Letter from Frances Hodgkins to Kate Rattray

27 Aug 1901
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27 Aug 1901
Hotel de France Caudebec-en-Caux Seine Inf. Aug 27.
My dear Kate
I shall not attempt anything like an excuse for not writing before this, for one thing you would not believe me, you know me too well for that. It is the same old trouble I am afraid the fatal little habit of putting off , in this respect only have I not improved since leaving N.Z. Thank you all so much for your letters, it was a real joy getting them and they received a thousand welcomes and I should have answered them before this, but – I forget there are to be no excuses. I howled over your description of Mrs Denniston’s adventures with the Duke and Duchess. I lay on my bed and kicked me feet in pure joy and laughed so loud my neighbour requested me thro’ the wall either to stop to tell the joke, needless to say I did neither. What luck your being presented. I hope you are not comporting yourself with undue arrogance in consequence. It must have been very bad management on my part, but the whole time I was in London I never managed to see anything approaching a Royalty. I crossed their trail several times but they had either just passed or weren’t expected till tomorrow. I finally had to content myself with buying a portrait of the Queen and reading the Court Circular, and that was the extent of my dealings with Royalty. I have been here now nearly two months, very glad indeed to get away from London & its many distractions it’s a glorious world Kate for those who can afford it, but for impecunious artists, it is an excellent place to get out of, my money was melting at such an alarming rate I saw myself returning to N.Z. at the end of six months. I have vowed a vow not to return till I have written the name of Francis Hodgkins in capital letters across – is it the scroll of fame or what that we are all so anxious to sign I am getting a trifle mixed, anyhow I am afraid my return will be somewhat delayed in consequence. Mrs C. Smith was a really good friend to me but she nearly killed me in her efforts to show me London on a thoroughly practical and business like system. I left London just in time and have been recovering ever since. I know how very much you would dislike it if I went thro’ a list of what I saw. I tried to see every picture in London in the first three weeks, but I found it was not to be done. I expect Issy has told you all about the Academy. Mr Colin Hunter’s picture was very beautiful, his son’s work quaint & clever and as for his wife her picture was quite one of the successes of the year – hung in very select company indeed and to my eyes one of the most attractive small pictures in the Academy. I was so sorry I was unable to go to Melbury Rd. Issy was so good trying to arrange for a meeting but I was unfortunate enough to have another engagement when Mrs Hunter asked me to dinner. I worked for a month in London at one of the Studios which quite decided me it was not the life for me. I got knocked up with the heat. Fancy working in summer in a temperature over 70 deg. I came over here & joined Miss Dorothy Richmond from Wllgtn and we have since been working together under Mr Garstin. I move on next week to Paris with Molly Sale who is also here – for a week – when Molly goes back to London and I shall then join a Miss Nicolls an artistic friend I have made since coming to Caudebec, and we intend going for a short bicycling tour in Normandy and settling down for a sketch for a few weeks when ever we find a good camping ground. We shall probably be joined by Mr Garstin & later by Miss Richmond. In October she and I will go down to the Bas Pyrenees, to St Sebastian on the Spanish frontier and make our head quarters there for the winter and sketch there or thereabouts till Christmas and then perchance along the Italian Riviera. It sounds a delightful programme and I hope I shall be able to carry it out. Mr Garstin want me to have an exhibition of my sketches in London in the Spring, if Miss Annie Black could – I can – n’est ce pas? I expect after the attempt I shall sneak back to N.Z. by the next boat and you will have to be very good indeed to your poor returned failure. It is a very pleasant life we have been leading here, such a beautiful old town on the north bank of the Seine, with quaint picturesque streets & subjects in plenty for every day in the year. We are a very jolly party, Mr & Mrs Garstin most delightful people, with a large following of artists of all shapes & sizes. Artists “en masse” are quaint folk and it is quite interesting studying their life & habits. Caudebec is being most thoroughly painted. Wherever one goes one stumbles against an easel with a depressed looking artist sitting in a shadow behind it. A distinguished French artist has just been here and the fortnight he was here he spent it profitably painting a dead pig (query – does a dead pig last a fortnight?) – with such a realistic regard for detail that it me one gasp – how French & how incomprehensible fancy wanting to paint a dead cochon in a town famed for its beauty. You would love the Normandy peasants I wish I could buy a few and taken them out to N.Z. with me as properties. As we can’t do this, Miss Richmond & I think seriously of negotiating for a pair of blue corduroy bags which the men wear and look perfectly fascinating in. I wonder if you ever met Miss Richmond in Wllgtn. She is the dearest woman with the most beautiful face and expression I think I have ever seen. I am a lucky beggar to have her as travelling companion, and strange to say she is both practical & artistic. She has undertaken to look after me on the continent & see I don’t get into the wrong trains & cross the wrong frontier. Heigh ho! Kate how I wish I wish I could see you sometimes & have a crack, tho’ I haven’t written I have often thought of you all at Craighall and how good you all were to me before I left. If any of my friends as after me tell them I am possessed of a painting devil and I will write to them as soon as I can cast it out. I have not forgotten friends home & country, tho’ it may look like it. I have been working fairly hard these last two months getting work ready to send out for the Nov. show; it goes off next week I am thankful to say and then I shall take things more leisurely. Thank Fanny for her letter and tell her I am so sorry the post cards didn’t suit. If she only knew the ardour with which I despatched them for every port. I shall keep any that come my way for her. I hope you will be able to read this letter, it is well worth it, my inkpot has run low, drained by the last Frisco and I have had to water it twice – one has to economise in some things! Why not in ink.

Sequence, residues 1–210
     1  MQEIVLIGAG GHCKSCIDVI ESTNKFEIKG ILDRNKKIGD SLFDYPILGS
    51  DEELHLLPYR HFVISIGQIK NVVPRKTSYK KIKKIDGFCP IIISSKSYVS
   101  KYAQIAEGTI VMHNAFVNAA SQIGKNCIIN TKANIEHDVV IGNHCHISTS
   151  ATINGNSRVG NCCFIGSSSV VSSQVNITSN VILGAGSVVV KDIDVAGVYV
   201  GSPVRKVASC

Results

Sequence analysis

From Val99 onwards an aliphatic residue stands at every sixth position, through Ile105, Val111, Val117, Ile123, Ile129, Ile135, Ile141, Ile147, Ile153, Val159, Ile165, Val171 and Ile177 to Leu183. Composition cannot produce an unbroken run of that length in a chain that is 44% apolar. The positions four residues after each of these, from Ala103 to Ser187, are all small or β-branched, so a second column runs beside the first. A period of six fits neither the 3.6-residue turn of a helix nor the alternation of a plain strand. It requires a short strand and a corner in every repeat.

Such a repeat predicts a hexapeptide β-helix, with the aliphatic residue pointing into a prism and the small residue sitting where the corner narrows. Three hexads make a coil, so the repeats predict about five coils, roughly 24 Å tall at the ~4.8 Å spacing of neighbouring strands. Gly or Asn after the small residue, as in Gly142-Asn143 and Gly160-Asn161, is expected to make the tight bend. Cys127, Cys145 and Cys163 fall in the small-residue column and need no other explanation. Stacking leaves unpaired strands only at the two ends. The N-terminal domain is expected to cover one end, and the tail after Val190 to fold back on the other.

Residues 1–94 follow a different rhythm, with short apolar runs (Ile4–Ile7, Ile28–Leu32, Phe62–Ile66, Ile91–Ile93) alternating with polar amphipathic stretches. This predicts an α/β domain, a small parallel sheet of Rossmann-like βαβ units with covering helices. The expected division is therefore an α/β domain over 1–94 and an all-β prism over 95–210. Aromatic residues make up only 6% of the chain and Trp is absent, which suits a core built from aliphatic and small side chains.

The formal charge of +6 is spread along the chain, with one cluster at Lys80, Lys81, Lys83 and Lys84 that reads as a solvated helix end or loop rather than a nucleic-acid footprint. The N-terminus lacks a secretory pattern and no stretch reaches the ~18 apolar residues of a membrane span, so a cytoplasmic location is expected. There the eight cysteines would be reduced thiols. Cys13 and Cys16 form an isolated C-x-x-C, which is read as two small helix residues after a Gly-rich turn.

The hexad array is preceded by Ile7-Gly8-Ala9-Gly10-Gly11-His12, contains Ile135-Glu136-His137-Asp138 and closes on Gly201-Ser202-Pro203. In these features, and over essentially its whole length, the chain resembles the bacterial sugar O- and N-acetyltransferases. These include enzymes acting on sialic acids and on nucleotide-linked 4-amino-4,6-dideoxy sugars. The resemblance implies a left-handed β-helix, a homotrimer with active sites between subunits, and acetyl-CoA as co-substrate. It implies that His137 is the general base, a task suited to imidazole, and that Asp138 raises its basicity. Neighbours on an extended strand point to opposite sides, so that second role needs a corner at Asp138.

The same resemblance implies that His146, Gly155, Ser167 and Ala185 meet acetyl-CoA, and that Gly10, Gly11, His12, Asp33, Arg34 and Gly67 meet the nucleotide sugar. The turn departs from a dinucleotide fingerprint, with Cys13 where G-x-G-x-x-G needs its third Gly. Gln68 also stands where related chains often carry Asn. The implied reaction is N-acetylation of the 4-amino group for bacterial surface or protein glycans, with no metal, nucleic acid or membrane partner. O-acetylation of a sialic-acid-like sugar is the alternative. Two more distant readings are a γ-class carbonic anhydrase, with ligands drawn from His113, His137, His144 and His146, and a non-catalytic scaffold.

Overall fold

Do write me another good gossipy letter soon. I know I don’t deserve it but be forgiving. Please give my love to Mrs Rattray & Ada & thank them for their letters. I shall answer Ada’s next time. How is Mrs Butterworth: Give her my love. Address always to B.N.S.W. 64 Old Broad St.
With love Yours ever sincerely Frances Hodgkins ENVELOPE:
Miss Kate Rattray, Craighall Mornington, Dunedin, New Zealand care Dr Hope Lewis, Upper Simon Street Auckland. Postmark : 27th August, 1901.
6 pages
Sender's address
Hotel de France, Caudebec en Caux, Seine Inf.
Recipient's address
Miss Kate Rattray, care Dr. Hope Lewis, Upper Simon Street, Auckland
Institutional No.
Credit Line
Frances Hodgkins - Letters. Field, Isabel Jane, 1867-1950 : Correspondence of Frances Hodgkins and family / collected by Isabel Field. Ref: MS-Papers-0085-10. Alexander Turnbull Library, Wellington, New Zealand.